Hegemonic Instability and East Asia: Contradictions, Crises and US Power
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Colleges, School and Institutes
One of the most influential theories in international political economy is that hegemonic power generally and the actions of the US in particular have been essential forces for stability in the international system. Yet even before the current financial crisis that has its origins in the US there were grounds for questioning this claim. Now the argument looks increasingly implausible. The essence of our argument in this article is that the US's historical record suggests that it has often been a force for global instability, as it has opportunistically sought to shift the burden of economic adjustment onto others. We develop this argument by looking at US foreign policy toward East Asia in particular, which has been deeply affected by the actions of successive America administrations, and also examine the implications of recent efforts by states to manage hegemonic instability through an expanded role for the Group of Twenty (G-20).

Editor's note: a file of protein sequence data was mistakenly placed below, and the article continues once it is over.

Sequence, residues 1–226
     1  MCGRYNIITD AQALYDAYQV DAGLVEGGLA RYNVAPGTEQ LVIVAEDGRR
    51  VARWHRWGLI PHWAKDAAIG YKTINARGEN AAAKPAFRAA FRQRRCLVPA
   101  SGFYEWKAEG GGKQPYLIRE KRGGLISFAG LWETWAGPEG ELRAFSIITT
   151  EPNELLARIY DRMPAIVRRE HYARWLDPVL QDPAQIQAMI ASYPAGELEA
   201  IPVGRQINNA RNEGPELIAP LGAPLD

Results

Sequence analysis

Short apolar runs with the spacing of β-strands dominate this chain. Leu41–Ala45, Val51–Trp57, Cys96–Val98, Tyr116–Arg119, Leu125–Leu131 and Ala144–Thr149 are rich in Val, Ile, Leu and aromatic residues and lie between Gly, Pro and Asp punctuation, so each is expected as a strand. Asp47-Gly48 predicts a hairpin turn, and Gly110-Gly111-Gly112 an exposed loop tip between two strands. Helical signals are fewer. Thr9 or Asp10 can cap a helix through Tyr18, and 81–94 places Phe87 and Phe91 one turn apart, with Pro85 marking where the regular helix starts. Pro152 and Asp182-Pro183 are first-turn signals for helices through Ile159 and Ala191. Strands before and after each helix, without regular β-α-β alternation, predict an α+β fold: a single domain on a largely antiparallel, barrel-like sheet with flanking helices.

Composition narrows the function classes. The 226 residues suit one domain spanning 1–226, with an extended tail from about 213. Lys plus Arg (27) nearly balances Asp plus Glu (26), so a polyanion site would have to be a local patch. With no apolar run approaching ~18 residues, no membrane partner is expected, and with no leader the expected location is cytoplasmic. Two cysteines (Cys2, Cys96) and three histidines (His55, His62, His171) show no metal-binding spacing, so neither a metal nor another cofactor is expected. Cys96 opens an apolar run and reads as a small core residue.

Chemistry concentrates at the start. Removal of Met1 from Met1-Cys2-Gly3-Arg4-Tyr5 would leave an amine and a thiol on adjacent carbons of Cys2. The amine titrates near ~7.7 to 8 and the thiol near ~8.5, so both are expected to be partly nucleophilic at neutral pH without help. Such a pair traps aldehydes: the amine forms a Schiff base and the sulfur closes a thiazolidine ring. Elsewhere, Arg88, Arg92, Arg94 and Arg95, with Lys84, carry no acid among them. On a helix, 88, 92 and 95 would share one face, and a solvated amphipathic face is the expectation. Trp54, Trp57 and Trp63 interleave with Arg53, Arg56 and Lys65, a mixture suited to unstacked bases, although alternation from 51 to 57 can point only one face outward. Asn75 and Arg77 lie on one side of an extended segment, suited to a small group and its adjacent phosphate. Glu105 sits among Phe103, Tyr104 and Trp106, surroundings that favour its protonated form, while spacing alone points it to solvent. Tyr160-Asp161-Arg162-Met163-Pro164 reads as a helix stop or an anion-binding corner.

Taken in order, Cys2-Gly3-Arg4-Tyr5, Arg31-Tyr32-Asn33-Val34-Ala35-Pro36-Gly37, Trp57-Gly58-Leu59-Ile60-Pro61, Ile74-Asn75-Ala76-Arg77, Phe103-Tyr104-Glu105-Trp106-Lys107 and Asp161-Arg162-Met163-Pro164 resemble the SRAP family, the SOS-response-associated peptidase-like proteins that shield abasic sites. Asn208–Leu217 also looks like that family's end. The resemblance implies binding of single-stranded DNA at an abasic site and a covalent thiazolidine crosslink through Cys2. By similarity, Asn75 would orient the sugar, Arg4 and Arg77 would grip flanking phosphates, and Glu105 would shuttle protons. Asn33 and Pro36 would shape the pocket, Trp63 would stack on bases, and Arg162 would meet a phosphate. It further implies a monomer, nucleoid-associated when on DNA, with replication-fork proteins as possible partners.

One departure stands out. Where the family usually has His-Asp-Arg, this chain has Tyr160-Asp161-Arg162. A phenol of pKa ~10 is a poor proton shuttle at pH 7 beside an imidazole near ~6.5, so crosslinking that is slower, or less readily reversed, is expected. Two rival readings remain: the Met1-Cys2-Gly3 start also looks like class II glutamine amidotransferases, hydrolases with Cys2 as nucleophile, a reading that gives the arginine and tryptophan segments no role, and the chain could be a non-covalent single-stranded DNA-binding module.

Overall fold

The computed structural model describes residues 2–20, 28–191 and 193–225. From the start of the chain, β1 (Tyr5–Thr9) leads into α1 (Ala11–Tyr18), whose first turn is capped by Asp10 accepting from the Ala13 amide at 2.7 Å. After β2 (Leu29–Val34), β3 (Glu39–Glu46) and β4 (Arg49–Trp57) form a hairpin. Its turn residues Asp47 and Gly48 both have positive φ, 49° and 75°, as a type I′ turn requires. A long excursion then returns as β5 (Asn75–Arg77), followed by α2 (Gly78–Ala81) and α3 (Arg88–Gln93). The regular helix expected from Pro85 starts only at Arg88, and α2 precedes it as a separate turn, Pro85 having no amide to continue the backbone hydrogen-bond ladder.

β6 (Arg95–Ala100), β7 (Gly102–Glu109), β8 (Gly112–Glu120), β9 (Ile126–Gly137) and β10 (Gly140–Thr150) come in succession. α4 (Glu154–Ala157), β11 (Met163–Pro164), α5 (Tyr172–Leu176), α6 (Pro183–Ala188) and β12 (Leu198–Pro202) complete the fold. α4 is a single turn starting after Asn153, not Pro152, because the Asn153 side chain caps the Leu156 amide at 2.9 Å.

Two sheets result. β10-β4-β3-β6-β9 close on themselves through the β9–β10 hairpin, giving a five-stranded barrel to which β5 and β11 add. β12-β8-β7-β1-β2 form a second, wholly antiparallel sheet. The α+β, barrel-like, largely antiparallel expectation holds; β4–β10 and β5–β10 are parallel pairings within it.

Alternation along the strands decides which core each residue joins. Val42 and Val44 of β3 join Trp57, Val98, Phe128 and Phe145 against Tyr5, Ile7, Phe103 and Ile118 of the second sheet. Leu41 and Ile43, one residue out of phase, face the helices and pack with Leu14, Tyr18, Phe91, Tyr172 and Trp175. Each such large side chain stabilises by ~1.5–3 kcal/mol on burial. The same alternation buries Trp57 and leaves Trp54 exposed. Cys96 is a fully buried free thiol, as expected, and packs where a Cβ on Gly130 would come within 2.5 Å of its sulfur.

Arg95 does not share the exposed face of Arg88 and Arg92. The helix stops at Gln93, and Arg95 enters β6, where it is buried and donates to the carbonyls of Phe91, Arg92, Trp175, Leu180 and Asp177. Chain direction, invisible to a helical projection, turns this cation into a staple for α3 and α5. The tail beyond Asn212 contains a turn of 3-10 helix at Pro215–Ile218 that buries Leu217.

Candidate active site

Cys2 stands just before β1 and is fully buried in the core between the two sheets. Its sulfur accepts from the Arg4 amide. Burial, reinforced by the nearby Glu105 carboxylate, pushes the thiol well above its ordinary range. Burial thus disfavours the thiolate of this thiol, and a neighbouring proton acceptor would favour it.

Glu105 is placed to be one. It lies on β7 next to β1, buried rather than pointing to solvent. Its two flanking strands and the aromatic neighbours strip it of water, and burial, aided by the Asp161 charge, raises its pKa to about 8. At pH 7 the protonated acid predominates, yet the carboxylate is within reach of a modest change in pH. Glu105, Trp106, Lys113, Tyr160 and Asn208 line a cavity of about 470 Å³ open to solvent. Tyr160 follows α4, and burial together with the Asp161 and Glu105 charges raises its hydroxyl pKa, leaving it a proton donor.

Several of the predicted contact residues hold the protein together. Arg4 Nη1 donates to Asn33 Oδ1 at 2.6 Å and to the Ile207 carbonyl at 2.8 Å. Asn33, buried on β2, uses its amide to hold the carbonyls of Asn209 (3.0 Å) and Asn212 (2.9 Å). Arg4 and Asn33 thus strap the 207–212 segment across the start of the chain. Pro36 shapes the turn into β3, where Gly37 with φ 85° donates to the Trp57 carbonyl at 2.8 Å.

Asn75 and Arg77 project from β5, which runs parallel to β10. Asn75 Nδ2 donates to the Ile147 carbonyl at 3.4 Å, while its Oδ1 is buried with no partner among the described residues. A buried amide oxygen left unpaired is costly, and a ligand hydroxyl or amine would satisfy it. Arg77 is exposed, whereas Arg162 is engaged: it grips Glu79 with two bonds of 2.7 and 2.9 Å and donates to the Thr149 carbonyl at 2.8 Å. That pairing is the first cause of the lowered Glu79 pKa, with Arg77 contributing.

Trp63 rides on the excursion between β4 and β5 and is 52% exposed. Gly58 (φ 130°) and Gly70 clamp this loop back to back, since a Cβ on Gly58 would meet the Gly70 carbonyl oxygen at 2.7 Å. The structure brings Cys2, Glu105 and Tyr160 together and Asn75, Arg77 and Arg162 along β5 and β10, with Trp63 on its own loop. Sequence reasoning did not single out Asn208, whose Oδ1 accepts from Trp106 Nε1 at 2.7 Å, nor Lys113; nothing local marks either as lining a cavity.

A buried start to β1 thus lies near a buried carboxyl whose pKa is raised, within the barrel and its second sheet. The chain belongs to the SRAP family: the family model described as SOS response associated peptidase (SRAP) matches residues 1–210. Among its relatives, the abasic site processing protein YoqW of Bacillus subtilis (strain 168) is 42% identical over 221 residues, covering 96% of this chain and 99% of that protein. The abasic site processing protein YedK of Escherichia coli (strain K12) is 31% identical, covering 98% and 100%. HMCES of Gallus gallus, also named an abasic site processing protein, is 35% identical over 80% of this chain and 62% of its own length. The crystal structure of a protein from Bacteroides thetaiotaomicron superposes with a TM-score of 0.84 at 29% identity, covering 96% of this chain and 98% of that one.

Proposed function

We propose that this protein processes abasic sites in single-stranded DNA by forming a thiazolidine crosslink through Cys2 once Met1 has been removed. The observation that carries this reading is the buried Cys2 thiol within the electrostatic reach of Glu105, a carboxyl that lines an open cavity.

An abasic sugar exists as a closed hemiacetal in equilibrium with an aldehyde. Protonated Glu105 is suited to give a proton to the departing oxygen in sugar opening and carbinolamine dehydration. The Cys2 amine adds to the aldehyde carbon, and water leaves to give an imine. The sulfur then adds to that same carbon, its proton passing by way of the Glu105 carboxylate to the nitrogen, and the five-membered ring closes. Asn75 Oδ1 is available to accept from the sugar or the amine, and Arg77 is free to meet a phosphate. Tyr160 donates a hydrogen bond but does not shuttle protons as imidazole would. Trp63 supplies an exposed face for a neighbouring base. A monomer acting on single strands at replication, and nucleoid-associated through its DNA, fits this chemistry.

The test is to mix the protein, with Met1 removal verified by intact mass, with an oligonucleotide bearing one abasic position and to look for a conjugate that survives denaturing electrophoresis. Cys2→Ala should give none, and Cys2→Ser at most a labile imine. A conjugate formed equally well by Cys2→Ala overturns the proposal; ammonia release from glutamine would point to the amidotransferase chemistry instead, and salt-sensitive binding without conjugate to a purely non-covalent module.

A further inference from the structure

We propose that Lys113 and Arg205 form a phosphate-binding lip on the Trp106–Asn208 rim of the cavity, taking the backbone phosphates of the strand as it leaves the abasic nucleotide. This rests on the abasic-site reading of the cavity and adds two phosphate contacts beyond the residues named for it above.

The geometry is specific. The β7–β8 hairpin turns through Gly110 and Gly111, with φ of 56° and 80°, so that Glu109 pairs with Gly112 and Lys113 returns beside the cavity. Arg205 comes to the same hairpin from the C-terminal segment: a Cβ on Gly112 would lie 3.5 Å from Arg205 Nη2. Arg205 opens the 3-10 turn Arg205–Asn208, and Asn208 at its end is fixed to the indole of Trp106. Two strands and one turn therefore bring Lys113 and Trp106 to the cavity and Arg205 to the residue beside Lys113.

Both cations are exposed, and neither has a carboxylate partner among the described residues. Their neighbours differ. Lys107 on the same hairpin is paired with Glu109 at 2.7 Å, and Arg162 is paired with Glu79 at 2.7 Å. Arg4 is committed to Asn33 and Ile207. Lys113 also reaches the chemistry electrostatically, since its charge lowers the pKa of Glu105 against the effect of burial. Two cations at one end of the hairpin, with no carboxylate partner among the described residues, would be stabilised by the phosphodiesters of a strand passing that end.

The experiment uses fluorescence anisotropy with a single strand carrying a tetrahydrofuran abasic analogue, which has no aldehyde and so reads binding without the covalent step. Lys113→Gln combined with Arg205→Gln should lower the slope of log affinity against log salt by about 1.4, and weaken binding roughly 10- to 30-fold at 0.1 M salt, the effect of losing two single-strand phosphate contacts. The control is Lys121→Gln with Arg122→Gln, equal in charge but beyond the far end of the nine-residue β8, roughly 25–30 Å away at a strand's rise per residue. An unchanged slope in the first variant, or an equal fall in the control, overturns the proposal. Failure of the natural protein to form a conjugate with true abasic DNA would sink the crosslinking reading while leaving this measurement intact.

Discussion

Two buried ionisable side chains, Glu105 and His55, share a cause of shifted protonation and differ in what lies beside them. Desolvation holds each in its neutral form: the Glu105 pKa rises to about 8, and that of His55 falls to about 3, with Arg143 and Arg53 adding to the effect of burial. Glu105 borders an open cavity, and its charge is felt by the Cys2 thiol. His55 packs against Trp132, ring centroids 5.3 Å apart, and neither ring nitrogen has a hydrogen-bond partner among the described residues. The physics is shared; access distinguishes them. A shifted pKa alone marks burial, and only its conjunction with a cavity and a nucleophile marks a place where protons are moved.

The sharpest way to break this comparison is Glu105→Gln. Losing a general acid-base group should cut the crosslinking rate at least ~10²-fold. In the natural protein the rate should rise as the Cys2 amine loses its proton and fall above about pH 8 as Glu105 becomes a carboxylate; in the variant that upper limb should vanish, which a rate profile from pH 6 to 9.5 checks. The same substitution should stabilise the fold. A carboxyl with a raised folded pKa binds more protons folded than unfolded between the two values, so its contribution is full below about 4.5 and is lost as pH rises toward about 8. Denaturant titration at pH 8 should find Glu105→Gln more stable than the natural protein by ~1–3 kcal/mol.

|Number of pages||17|
|Publication status||Published - 1 Dec 2010|
- United States, East Asia, foreign policy, hegemony, crisis, G-20